Car companies need products that push the limit of the brand either in their design or performance. It pays to have a sub-brand that produces a limited and therefore more desirable numbers of specialist cars aimed at enthusiasts or those wanting novelty products. In the case of Mini this is John Cooper Works, the marque’s high-performance sub-brand. Founded in 2000 by John Cooper, a racing car maker and tuner who worked on the Mini Cooper models, BMW bought the company in 2008. For 2013, the entire range has been given the JCW treatment.
Mini is the fairy-tale success stories of modern motoring. Essentially a brand defined by a single model, under BMW ownership the Mini Hatch has been stretched (Clubman), chopped (Coupé), had its roof cut off (Convertible and Roadster) and got blown up (Countryman) to suit the wants and needs of more customers. Next on the list is the Mini Van and Paceman, the latter combining the Countryman’s practicality with cool coupé styling, and it will get the JCW treatment, too.
To test the cars, we are driving the Countryman JCW some 1,400 miles from Lisbon to London through Portugal, Spain and France. It is a mighty big road trip and the February weather is adding further challenges in some higher altitudes en-route. As we depart Lisbon news comes that the Pyrenees, in particular, is experiencing some extreme weather – snow, high winds, the lot – as are some parts of northern Spain and France, which are devastated by floods.
The Countryman is essentially a small SUV, so strictly speaking it stretches the brand name somewhat, but nevertheless retains the cheeky charms of Mini design – giant size instrument dials and round, bubbly vents. Our car is the first Mini with four-wheel-drive to be given the rally car treatment. The JCW Countryman is also the largest and most powerful model in the range, which is reassuring as are the added winter tyres.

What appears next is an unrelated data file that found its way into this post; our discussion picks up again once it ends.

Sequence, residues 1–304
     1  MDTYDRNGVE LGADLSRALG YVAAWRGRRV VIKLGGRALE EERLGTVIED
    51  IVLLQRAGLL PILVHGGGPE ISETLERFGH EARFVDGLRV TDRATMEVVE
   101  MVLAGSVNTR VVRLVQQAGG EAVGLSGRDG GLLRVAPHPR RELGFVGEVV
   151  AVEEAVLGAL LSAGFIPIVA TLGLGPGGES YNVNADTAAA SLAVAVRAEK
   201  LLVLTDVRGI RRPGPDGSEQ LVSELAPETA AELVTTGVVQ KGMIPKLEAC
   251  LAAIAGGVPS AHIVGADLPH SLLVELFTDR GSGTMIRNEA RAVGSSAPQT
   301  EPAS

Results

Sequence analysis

The JCW is 10mm lower than the standard car and comes with an aerodynamic body kit, red brake callipers and extra-lightweight 18-inch Twin Spoke light-alloy wheels (19-inch wheels are available as an option). It hits 62mph in 7 seconds, has impressive traction and sporty handling, and you get a sexy JCW roaring engine note when you hit the ‘Sport’ button.
Inside is comfortable and roomy with a generous 1,170 litres hatchback boot that fits not only our suitcases, but also boxes of wine and food purchased along the way. Finally, the high seating position is an ideal place to sit back and watch the 1,400 miles unfold.
The Countryman is a good choice for a road trip as such. In northern Spain, high up in the Pyrenees as we cross the border to France, we brave high winds and sleet and snow sensing that with this car we’re in safe hands. An overnight stop in Bordeaux, we are reminded at how evocative the JCW badge is even outside the UK, with quite a few passers clearly admiring our car. Alighting in London we too feel an admiration for this rather grand grandchild of the old Mini on which my father taught my mother how to drive.
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